Thursday, October 10, 2019

Public comment period for CPIC allele function assignment SOP


CPIC is inviting public comments on their draft SOP for assigning function to pharmacogenomic alleles.

CPIC has been assigning “function” to pharmacogenomic alleles since its inception. This has already led to a Delphi process and consensus publication on standardizing terms used for allele function and pharmacogenetic phenotypes for some genes. The unique contribution of CPIC is to assign an allele function that leads to a phenotype assignment that can drive clinical prescribing actionability. Now that several types of genes involved in drug pharmacokinetics and pharmacodynamics have been included in CPIC guidelines, CPIC leadership considers it timely to establish written SOPs that describe the criteria used for assigning pharmacogenetic allele function in greater detail. Many elements of this SOP have been tested in preparation of recent guidelines.


The SOP can be downloaded from the Resources section of the CPIC website. Comments and feedback should be sent to Kelly Caudle (Kelly.caudle@stjude.org) by October 23rd 2019.

Tuesday, October 1, 2019

PharmGKB releases automated annotations


We are excited to announce that automated annotations of pharmacogenomic information in the scientific literature are now available from PharmGKB. These annotations have been produced using the PGxMine project, the result of a collaboration with Dr. Jake Lever at Stanford University.

PGxMine uses a supervised machine learning algorithm to carry out text mining of PubMed abstracts and full-text articles from PubMed Central. Sentences which contain a chemical and a variant are found using the PubTator Central resource and subsequently identified as being highly likely to contain PGx information are highlighted as an automated annotation. Automated annotations will also be used by PharmGKB curators to identify papers for manual curation.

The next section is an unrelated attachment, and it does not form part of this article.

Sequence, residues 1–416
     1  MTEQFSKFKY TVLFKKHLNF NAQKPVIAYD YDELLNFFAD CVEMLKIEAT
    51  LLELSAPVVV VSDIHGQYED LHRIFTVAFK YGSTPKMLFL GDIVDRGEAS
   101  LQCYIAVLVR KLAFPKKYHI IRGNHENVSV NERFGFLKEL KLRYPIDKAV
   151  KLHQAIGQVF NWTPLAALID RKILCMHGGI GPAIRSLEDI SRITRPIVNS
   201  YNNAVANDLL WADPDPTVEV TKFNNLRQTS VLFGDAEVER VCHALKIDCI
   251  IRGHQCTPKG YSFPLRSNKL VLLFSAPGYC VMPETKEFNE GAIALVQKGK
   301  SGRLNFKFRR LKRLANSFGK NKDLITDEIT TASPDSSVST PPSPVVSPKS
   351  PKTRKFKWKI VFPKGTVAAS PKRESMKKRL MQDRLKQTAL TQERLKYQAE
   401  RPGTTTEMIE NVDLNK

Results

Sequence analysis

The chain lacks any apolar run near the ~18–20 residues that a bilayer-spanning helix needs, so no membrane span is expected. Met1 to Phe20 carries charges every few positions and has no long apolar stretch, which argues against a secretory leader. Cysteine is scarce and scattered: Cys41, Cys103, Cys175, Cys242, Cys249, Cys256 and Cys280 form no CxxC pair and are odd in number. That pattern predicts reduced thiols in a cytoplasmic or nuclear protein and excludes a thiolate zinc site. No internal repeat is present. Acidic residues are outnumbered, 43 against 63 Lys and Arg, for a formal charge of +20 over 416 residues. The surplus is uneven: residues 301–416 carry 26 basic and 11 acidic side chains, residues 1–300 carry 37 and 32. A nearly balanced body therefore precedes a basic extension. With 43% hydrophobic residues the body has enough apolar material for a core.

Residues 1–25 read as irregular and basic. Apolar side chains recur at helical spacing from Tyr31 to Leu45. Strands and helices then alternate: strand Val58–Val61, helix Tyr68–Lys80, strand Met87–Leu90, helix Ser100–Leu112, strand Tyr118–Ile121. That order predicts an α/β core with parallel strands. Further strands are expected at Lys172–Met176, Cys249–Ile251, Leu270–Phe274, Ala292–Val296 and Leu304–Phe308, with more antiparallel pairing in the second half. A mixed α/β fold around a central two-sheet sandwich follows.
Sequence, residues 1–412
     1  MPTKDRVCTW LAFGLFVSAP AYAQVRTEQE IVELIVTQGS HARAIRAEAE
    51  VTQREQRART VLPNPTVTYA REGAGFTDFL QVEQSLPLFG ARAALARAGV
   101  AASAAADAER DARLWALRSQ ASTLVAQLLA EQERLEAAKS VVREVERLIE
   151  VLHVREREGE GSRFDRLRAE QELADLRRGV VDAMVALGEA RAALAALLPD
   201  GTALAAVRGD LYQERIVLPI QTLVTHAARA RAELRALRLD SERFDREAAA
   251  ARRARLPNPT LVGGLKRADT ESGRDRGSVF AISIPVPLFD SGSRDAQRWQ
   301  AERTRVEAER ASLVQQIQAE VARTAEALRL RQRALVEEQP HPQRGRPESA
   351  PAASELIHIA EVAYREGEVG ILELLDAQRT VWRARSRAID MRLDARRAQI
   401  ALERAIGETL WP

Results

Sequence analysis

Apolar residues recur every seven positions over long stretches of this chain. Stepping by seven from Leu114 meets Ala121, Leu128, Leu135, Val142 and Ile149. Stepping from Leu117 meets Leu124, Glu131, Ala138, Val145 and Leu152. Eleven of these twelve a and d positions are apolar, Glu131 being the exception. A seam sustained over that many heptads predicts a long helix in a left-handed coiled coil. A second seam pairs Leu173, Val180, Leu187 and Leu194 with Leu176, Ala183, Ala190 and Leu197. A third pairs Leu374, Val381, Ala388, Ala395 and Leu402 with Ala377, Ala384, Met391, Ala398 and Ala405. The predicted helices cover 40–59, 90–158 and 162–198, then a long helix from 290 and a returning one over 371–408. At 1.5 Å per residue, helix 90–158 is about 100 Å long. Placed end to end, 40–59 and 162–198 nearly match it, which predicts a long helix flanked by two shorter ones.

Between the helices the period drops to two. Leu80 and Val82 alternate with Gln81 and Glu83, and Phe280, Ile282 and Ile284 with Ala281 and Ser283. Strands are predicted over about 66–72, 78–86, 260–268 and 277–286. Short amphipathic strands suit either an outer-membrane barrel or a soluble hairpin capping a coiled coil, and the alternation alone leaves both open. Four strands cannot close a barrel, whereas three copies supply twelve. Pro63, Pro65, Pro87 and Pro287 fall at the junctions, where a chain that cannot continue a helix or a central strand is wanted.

The new automated annotations tab can now be found on drug, gene, variant and haplotype pages on the PharmGKB website. Each automated annotation displays the relevant sentence identified by PGxMine as well as information about the article where the sentence was found. PGxMine was deliberately designed to have a high level of precision at the expense of a lower recall rate. This means that PGx associations that are mentioned in multiple papers should be captured by the algorithm while associations mentioned in only one paper may be missed.



Unlike variant annotations or clinical annotations, which are manually curated by PharmGKB curators, automated annotations are found using computational methods only. The accuracy or relevance of these annotations has not been checked by PharmGKB staff. Users should therefore be aware that there is some noise associated with these annotations. Users should also note that this is not a comprehensive annotation of all published articles. Articles which are only accessible through a journal subscription cannot be annotated by PGxMine and will not be displayed in the automated annotations section.

A paper describing PGxMine in greater detail has been accepted by the Pacific Symposium on Biocomputing and will be available online soon. We will add the URL as a comment to this blog post as soon as it is available. An FAQ page about automated annotations and the PGxMine project can be found on the PharmGKB website.

Future updates of our automated annotations will be tied to the update schedule of PubTator Central. The PGxMine code is open source and can be accessed at GitHub while a full data dump can be accessed at Zenodo.